My educated guess is that it is a combination of 1 and 2, although if 3 holds any water I would put that down to the pointlessness of the national database as a source of information for enforcement officers. Lets face it, housing enforcement types in different authorities know who their usual suspects are, they dont need a national database to tell them.

Whilst it might be useful to know which rogue landlord operates elsewhere in the UK, it is unusual for a rogue to run properties in say Hackney and Bradford at the same time, they tend to stay more local, so they can beat up two sets of households in the same afternoon without troubling Virgin Trains and housing enforcement officers often know each other and meet at conferences and online events to swap notes anyway, so its hardly a essential resource for them.

The GLA landlord checker on the other hand,  is more practical because it shares information over neighbouring London boroughs, where the known rogues operate, which actually helps London enforcement officers and London’s tenants, who can check out whether to sign on the dotted line.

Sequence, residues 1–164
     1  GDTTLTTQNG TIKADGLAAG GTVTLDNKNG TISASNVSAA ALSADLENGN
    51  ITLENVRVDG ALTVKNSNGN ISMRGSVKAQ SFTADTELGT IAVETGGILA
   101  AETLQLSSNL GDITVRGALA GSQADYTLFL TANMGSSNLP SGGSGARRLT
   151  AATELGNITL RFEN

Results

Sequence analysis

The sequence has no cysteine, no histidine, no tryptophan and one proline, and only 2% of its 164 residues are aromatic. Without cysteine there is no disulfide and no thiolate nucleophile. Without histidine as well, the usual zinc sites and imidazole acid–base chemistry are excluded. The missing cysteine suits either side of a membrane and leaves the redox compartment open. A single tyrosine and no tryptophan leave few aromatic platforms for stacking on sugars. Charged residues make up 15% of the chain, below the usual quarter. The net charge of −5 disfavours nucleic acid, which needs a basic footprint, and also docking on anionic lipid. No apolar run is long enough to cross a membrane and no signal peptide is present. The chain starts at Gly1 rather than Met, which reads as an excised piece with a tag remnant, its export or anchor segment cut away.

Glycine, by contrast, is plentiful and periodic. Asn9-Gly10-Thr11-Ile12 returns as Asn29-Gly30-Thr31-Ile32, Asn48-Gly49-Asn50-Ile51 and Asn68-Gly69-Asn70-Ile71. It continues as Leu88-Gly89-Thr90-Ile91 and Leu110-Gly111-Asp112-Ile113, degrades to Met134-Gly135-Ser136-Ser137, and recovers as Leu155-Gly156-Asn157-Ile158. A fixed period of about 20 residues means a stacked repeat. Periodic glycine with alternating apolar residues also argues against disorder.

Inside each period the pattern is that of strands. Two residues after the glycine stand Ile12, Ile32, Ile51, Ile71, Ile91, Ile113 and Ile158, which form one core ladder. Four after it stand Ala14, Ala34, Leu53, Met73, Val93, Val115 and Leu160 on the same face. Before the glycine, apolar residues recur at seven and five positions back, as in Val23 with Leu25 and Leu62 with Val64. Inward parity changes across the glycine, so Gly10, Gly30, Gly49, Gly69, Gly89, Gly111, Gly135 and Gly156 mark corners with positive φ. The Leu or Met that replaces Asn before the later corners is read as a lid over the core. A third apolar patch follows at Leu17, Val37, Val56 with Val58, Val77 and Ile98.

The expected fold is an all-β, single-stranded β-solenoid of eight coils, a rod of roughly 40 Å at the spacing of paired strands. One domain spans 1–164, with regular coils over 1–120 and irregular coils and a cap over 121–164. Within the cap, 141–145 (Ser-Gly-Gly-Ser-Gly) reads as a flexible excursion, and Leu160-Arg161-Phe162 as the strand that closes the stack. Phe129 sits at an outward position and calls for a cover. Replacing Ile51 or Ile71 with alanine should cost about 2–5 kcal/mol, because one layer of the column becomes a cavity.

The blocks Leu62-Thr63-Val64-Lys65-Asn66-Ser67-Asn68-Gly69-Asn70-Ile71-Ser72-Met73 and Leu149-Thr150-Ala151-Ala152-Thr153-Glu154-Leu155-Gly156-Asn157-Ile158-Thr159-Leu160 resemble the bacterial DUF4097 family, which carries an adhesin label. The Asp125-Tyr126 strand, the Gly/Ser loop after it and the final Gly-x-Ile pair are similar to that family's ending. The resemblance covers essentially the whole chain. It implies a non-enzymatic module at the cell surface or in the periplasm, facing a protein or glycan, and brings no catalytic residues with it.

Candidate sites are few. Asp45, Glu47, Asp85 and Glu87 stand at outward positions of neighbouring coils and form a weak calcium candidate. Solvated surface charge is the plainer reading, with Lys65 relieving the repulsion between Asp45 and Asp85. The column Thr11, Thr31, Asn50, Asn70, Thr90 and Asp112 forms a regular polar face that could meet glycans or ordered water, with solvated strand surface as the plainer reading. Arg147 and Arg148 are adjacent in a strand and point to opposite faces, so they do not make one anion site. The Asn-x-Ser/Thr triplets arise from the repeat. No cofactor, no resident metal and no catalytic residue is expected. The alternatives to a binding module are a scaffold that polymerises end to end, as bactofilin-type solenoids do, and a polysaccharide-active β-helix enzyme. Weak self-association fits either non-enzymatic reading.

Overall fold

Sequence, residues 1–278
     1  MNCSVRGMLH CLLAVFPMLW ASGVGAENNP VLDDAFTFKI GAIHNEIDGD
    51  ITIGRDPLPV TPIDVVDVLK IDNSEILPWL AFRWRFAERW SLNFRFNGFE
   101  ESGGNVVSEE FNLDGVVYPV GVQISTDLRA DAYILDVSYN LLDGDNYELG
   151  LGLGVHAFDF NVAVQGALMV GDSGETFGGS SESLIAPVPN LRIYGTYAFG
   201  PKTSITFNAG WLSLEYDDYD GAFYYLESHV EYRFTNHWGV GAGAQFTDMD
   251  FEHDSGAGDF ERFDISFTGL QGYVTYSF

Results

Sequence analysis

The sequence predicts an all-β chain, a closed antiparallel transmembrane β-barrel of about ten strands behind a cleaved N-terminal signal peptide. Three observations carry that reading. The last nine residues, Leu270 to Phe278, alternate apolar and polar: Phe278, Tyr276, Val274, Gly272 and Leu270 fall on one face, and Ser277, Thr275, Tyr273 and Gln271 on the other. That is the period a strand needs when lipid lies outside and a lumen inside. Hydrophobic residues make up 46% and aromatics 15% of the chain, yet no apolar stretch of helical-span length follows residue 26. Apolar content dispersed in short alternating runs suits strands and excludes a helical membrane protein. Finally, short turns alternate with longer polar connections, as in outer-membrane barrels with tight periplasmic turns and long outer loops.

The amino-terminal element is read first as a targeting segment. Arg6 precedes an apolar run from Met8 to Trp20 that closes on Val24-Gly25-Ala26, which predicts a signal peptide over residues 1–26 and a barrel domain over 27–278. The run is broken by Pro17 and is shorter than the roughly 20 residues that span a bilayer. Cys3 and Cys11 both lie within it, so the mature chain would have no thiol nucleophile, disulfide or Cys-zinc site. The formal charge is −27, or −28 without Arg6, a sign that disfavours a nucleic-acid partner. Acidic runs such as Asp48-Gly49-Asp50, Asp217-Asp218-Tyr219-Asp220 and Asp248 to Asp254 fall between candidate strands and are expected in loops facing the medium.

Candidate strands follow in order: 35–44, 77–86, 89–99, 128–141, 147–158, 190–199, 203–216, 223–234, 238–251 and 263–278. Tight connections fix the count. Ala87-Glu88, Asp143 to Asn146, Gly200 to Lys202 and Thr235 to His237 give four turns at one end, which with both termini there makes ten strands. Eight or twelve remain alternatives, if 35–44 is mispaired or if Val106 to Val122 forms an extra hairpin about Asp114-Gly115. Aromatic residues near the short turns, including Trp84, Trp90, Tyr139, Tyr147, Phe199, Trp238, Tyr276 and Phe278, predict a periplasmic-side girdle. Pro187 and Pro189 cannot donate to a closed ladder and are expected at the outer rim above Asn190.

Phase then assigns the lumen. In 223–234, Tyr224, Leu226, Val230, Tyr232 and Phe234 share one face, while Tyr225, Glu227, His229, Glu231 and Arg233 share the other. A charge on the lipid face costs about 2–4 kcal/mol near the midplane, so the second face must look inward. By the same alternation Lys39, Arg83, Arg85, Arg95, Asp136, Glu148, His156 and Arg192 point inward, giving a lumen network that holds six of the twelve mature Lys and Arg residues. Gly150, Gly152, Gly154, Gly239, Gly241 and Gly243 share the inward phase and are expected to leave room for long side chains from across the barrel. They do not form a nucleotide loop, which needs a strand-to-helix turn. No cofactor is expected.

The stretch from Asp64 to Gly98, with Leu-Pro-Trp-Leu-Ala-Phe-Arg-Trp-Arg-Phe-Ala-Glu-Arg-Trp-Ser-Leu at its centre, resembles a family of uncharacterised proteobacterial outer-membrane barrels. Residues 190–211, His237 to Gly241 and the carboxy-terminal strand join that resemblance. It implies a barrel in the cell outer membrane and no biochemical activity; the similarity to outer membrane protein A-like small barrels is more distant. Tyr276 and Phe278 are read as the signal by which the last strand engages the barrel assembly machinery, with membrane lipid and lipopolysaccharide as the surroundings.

So are banning orders worth the fuss? Probably not. Even if you jump through enough hoops to actually get a one, presuming that the landlords don’t evade action by exploiting loopholes and FTT appeals, those subject to them can easily just nominate another crook to run their business affairs, or even just start up yet another shonky limited company run by their three year old nephew to avoid detection.

I’ve never had a discussion with any of the numerous enforcement officers I have come to know over the years. It has such little credibility, it just never crops up in conversation. The database is just not mentioned and I suspect many view it like the vestigial legs on a snake. Interesting curiosity but of no real practical use.

I’m sure there is the odd case where a banning order actually stopped a rogue in their tracks but it isn’t a widespread cure-all by any means. Rogues and criminals flout the law because it is their very nature to not care about it.

Here is what would make a national database credible and would motivate enforcement officers of all stripes to start populating it:-